Woodworking Videos - Choosing a Bandsaw Blade



Heres a short You tube woodworking video by Laguna Tools, with advice on choosing blades for their bandsaws. Bandsaws only work their best when outfitted with the proper tooling and the best blades. The information contained in the video holds good whatever your bandsaw type. The Video covers a wide variety of blades. Using the proper bandsaw blade will help increase your cut accuracy and speed up your work.

• For resawing wood, the blade should be as wide as the machine will allow. The wider the band is, the straighter the cut will be. Fewer teeth per inch faster feeding can be achieved, but poorer finish. More teeth slower cut but smoother finish.
• For contour sawing , the blade should be as wide as the machine allows, but still narrow enough so that it can cut the desired shape (radius), Approximate minimum dimensions for different cutting radii are shown in the table below. Yet again Fewer teeth faster feeding can be achieved, but poorer finish. More teeth slower cut but smoother finish. When cutting long smooth arcs a wider blade will follow the curve more smoothly
 • When selecting blade  teeth per inch (TPI), you should  have between 3 and 12 teeth in the workpiece when cutting. To few teeth in the work you loose control, too many and the cut rate will be very slow.

The video also talks about the excellent Laguna  Resaw King blades. Long life and ultra-smooth cutting life makes this an easy choice if your doing a lot of resawing over conventional blades.

Table of Bandsaw Blade Width forr Minimum Cutting Radius
Blade Width           Minimum Radius of Cut (approximate)
1"7"
3/4"
5 1/2"
1/2"2 1/2""
1/4"
5/8"
1/8"3/16"



To find a great range of blades for your bandsaw check out Rockler. com

When choosing your band saw blades always follow your saws manufacturers instructions!

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Woodworking Books - The Perfect Edge by Ron Hock




The Perfect Edge
With 224 pages with over 400 photos, it could be the definitive Book on sharpening woodworking tools. The book includes a lengthy chapter on tool steel metallurgy, heat treatment, even rust, as well as a chapter on abrasives: what they are and which one does what best, along with how-to chapters on how to sharpen your favorite tools.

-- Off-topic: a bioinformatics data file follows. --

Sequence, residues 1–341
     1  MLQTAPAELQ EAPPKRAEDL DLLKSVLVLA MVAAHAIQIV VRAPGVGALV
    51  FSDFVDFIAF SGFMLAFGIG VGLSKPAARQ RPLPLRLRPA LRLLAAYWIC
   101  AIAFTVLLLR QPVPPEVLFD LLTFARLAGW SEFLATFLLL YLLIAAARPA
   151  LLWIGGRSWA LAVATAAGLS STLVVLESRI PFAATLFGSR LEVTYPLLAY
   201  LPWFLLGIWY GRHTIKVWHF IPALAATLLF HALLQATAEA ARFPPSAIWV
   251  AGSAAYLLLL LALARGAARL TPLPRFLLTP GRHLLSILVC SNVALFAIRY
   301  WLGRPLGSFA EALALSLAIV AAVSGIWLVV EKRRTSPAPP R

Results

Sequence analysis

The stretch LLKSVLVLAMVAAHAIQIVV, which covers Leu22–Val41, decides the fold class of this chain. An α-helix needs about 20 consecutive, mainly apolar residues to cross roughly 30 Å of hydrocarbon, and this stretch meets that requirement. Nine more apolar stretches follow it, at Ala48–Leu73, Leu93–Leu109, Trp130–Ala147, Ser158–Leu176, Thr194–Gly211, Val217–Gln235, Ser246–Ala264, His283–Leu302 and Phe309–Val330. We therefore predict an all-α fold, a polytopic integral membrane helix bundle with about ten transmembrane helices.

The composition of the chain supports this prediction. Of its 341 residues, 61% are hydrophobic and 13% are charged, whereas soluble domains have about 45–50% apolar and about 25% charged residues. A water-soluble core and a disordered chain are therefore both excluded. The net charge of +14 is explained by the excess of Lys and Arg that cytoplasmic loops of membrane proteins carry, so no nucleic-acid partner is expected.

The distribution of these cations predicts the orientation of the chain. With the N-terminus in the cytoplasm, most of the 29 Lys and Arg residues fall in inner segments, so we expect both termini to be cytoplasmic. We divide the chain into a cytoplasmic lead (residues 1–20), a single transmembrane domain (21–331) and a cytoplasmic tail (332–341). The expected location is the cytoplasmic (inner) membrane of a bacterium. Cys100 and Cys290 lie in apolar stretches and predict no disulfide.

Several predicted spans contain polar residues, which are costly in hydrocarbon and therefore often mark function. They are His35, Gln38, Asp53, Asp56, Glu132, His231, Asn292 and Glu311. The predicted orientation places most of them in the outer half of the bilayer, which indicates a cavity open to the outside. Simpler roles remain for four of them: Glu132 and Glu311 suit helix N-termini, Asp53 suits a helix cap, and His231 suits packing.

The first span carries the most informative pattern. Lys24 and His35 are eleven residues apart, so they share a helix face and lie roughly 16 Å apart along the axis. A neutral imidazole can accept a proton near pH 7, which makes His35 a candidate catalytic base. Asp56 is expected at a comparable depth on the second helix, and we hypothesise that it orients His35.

About the Author
Ron Hock  has  been making high quality blades since 1981, he started out making knives to sell at  crafts fairs. One day the staff and students at James Krenov's Fine Woodworking Program at the College of the Redwoods in Fort Bragg convinced him to re-tool to make plane irons for them. One blade led to another and another and it wasn't long before he was making only woodworking tools. Ron has a blog The Sharpening Blog Where you can find lots of detailed information about sharpening , and making blades.

"If, however, you don't own a book on sharpening, I think "The Perfect Edge" should be at the top of the list, if only for the fact that it covers the latest innovations in sharpening equipment and is written in a very breezy style that makes the technical information easy to digest."
-- Chris Schwarz  Woodworking Magazine Weblog

Youtube's Woodworking Videos: How to make a Kantele, by Michael J King

Heres a great woodworking video by Luthier Michael King, in which he shows us how to construct a simple to build and fun to play instrument called a Kantele. A Kantele would be a great first project for an aspiring luthier.



If you like this video you should visit Michaels site, where you can find plans and instructions for this and other instruments can be purchased from his site. There are plans for 5, 10, 12 and 15 string kanteles as well as a piccolo kantele and the template for an electric kantele.

Michael also provides a short five part guide to tunning and playing the Kantele.


The kantele is the Finnish version of an instrument known throughout the world as either a zither or lap harp. The kantele is basically a triangular shaped sound box with strings running across the top of the instrument. When the strings - usually tuned to a diatonic scale - are plucked, a kantele will produce ringing bell-like tones.  The Kantele is from a class of instruments known as "Baltic psalteries." They sound similar to a harp but because of the way in which it is built and the way in which the strings are attached, a compelling and unique sound is produced as it is played.